20 Operational Obstetrics & Gynecology · Bureau of Medicine and Surgery · 2000 Slide 20 Late Decelerations Repetive, non- remediable slowings of the fetal heartbeat toward the end of the contraction cycle Reflect utero-placental insufficiency

21 Operational Obstetrics & Gynecology · Bureau of Medicine and Surgery · 2000 Slide 21 Early Decelerations Periodic slowing of the FHR, synchronized with contractions Rarely more than BPM below the baseline Innocent Associated with fetal head compression

22 Operational Obstetrics & Gynecology · Bureau of Medicine and Surgery · 2000 Slide 22 Variable Decelerations Variable in onset, duration and depth May occur with contractions or between them Sudden onset/recovery Increased vagal tone, usually due to some degree of cord compression

23 Operational Obstetrics & Gynecology · Bureau of Medicine and Surgery · 2000 Slide 23 Severe Variable Decelerations Below 60 BPM for at least 60 seconds If persistent, can be threatening to fetal well-being, with progressive acidosis

24 Operational Obstetrics & Gynecology · Bureau of Medicine and Surgery · 2000 Slide 24 Prolonged Decelerations Last > 60 seconds Occur in isolation Associated with: –Maternal hypotension –Epidural –Paracervical block –Tetanic contractions –Umbilical cord prolapse

25 Operational Obstetrics & Gynecology · Bureau of Medicine and Surgery · 2000 Slide 25 Pain Relief Narcotics Continuous Lumbar Epidural Paracervical Block 50/50 nitrous/oxygen Psychoprophylaxis (Lamaze breathing) Hypnosis

26 Operational Obstetrics & Gynecology · Bureau of Medicine and Surgery · 2000 Slide 26 Anesthesia During Delivery Local Pudendal Block Epidural Caudal Spinal 50/50 nitrous/oxygen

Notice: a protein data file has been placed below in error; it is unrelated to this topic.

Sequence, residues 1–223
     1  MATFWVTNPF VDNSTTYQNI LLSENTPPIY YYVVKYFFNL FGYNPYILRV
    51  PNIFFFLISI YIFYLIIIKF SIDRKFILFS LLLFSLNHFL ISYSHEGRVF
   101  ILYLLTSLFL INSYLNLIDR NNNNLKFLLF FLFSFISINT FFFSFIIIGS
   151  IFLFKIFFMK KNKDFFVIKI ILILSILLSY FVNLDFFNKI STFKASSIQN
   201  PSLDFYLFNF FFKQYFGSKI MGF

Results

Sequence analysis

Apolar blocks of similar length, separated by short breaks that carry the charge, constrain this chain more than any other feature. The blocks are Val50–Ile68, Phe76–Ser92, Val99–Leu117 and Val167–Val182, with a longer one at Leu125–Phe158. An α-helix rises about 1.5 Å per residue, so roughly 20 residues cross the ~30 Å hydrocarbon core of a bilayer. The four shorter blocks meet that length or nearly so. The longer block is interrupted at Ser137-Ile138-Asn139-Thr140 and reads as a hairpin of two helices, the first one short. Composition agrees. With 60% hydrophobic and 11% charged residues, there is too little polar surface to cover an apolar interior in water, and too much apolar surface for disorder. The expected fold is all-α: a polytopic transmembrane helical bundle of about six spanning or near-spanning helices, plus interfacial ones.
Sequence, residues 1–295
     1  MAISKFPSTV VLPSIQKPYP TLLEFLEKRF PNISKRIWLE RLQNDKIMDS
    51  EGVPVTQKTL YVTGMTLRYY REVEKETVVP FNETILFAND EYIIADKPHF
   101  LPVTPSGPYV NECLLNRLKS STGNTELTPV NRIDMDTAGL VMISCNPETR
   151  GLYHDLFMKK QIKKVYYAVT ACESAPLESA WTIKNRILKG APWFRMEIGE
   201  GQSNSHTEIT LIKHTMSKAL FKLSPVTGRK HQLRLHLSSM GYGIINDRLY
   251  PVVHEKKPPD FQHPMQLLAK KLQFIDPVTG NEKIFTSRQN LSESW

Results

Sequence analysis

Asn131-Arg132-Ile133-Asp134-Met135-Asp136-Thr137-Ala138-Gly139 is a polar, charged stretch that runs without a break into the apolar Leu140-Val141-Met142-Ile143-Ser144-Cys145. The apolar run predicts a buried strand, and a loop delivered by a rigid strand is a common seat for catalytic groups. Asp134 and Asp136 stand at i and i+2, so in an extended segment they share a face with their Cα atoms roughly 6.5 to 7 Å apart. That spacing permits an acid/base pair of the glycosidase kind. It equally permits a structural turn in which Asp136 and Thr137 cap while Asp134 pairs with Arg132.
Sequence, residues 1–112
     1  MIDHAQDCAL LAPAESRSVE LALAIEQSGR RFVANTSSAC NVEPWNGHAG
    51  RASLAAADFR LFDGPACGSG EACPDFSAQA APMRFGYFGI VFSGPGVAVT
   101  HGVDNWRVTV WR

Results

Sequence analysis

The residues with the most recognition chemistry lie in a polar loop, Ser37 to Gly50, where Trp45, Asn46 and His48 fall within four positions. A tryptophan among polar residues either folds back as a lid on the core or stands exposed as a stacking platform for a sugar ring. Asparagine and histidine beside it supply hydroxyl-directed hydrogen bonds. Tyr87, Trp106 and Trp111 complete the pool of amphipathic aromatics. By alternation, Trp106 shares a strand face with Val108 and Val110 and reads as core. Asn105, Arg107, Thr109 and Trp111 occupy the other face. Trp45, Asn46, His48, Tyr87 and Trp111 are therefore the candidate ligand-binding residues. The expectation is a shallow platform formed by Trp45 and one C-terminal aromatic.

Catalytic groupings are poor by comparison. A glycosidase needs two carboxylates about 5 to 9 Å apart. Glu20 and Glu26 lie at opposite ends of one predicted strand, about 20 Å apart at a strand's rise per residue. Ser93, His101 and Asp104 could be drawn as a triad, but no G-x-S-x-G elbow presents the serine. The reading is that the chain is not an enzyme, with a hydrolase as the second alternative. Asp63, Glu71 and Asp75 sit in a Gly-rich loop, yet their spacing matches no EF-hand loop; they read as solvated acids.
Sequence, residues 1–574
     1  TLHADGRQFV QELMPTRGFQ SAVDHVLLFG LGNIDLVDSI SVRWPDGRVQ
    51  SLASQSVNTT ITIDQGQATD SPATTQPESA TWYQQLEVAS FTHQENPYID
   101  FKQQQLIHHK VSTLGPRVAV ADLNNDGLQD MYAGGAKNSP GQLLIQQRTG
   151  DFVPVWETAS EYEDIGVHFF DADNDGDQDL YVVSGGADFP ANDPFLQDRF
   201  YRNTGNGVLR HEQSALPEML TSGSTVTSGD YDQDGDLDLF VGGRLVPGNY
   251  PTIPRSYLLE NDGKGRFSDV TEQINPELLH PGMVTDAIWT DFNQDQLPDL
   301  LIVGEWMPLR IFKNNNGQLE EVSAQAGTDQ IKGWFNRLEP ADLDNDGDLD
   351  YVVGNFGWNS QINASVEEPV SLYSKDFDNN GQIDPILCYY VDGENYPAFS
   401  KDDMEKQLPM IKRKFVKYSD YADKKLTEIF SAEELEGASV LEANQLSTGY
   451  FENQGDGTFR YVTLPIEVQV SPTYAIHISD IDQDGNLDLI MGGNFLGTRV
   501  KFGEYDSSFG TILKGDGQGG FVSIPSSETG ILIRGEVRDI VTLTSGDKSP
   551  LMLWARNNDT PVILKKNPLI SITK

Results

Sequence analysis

27 Operational Obstetrics & Gynecology · Bureau of Medicine and Surgery · 2000 Slide 27 Episiotomy Avoids lacerations Provides more room for obstetrical maneuvers Shortens the 2nd Stage Labor Midline associated with greater risk of rectal lacerations, but heals faster Many women don’t need them.

28 Operational Obstetrics & Gynecology · Bureau of Medicine and Surgery · 2000 Slide 28 Clamp and Cut the Cord Clamp about an inch from the baby’s abdomen Use any available instruments or usable material Check the cord for 3-vessels, 2 small arteries and one larger vein

29 Operational Obstetrics & Gynecology · Bureau of Medicine and Surgery · 2000 Slide 29 Inspect the Placenta Make sure it is complete Look for missing pieces Look for malformations Look for areas of adherent blood clot

30 Operational Obstetrics & Gynecology · Bureau of Medicine and Surgery · 2000 Slide 30